The seat mate game and best seat on the airplane game is all but familiar to any frequent flyer. After purchasing a ticket, many of us compare the seat map on the plane to that on seatguru or expertflyer and choose the best available seat. These seats tend to be bulkhead or exit row seats, providing more leg room and greater pitch. However, last night when checking in from my flight from Mexico D.F. to Buenos Aires I came across a conundrum. The seat map was showing the plane only approximately 60% full and there were a dozen or so rows in the back of the plane empty.
My first thought was to move myself to a row in the back and hope no one would choose a seat next to me during their own check-in process. Still, a lot could change in 24 hours and maybe the seat map was not accurately representing the total number of ticketed passengers. This happens often on US legacy carriers, leaving people with unassigned seats until they arrive at the gate. So instead of risking ending up in a regular economy row, I decided I would stay in the exit row. At least this meant I got endless amounts of legroom on the Boeing 777.
About two hours before my flight was scheduled to depart, I was sitting in the International Departure Premier Saloon at the Mexico City Airport. I decided enough time had passed and I wanted to see how full my flight actually was. I approached a lounge attendant to see if they could reseat me in an empty row. The gentleman was very friendly and confirmed that the plane was indeed only booked at about 60% capacity and he moved my seat to an empty row. He asked me to come back 30 minutes before departure to confirm I was still the only one in the row. But even he was confident at this point it was safe to make the change and give up the exit row.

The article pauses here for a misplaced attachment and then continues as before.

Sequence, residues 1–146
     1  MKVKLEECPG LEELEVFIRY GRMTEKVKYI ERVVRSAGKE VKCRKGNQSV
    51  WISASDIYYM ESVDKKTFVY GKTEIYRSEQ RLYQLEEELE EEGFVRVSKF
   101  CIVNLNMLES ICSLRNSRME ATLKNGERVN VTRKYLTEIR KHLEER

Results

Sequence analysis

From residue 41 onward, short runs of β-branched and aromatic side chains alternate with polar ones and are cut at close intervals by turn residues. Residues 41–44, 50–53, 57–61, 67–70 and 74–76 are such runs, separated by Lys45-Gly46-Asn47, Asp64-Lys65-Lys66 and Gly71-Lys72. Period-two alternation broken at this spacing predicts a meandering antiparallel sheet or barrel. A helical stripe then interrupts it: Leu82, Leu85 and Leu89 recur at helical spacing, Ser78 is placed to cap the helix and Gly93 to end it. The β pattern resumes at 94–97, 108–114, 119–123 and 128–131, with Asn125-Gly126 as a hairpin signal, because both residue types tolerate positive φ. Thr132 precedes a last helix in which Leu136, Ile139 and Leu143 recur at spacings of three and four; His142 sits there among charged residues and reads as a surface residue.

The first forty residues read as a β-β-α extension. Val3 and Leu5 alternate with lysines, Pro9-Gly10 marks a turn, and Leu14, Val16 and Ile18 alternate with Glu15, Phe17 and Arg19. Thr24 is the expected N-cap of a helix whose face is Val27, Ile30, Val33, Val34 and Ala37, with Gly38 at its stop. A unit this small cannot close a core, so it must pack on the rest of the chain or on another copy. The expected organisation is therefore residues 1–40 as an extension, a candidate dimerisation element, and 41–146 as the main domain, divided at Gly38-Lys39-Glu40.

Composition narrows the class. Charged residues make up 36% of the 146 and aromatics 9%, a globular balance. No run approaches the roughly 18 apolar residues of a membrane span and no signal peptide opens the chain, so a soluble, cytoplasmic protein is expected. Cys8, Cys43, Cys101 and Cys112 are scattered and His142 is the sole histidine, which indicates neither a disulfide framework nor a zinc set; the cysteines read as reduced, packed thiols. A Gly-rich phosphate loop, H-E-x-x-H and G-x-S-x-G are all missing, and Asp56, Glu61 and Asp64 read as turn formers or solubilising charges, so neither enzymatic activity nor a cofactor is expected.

30 minutes before departure as I was leaving to lounge, I stopped by the concierge’s desk to confirm if I was the only one still in my row. He confirmed that I was and informed me there were about 10 rows in the back of the plane that were empty as well, so if I wanted a different row, it was all mine!
Thanks to having my own row I slept 80% of the flight and had the most comfortable flight in economy that I had since I flew NWA SEA-NRT on Labor Day in 2008, when again I enjoyed my own row! Empty rows are hard to come by on any airlines. But when you do come by them, I’m going to have to say I’d almost rather save the money and keep my flat surface 3 seats in economy than an angled flat seat in Biz! And to think, I almost paid $400 to upgrade this flight (Biz had 10 of 34 seats full), when I only paid $430 return!
Last week, when my colleague Andy wrote a post asking you all would rather have an empty row in economy or a single first class seat while flying, I lied. He compared AA vs UA when he was making his decision and I had responded telling him that I would rather take the first class seat than the empty row any day. My thought process was: At least in first I was going to be fed, have something to drink, and there’s more leg room. Not to mention the fact that airplanes fly so full, finding an empty row is nearly impossible these days! Well guys, guess what, I found an empty row and now revoke my original response!
So what would you have done at check-in? Would you have placed yourself in the middle of an empty row, hoping that no one else would select a seat around you, thus giving you the entire row to yourself or would you have stayed in the exit row until nearly the last minute? I risked the extra leg room vs having 3 seats to myself. Either plan could have backfired. Easily, other people could have selected empty rows for themselves at check-in, leaving me in a regular economy exit row seat. Alternatively, moving could have meant someone selecting a seat next to me, meaning I still wouldn’t have the opportunity to lay down, and now I’ve lost my additional leg room of the exit row. The seat game sure can be risky!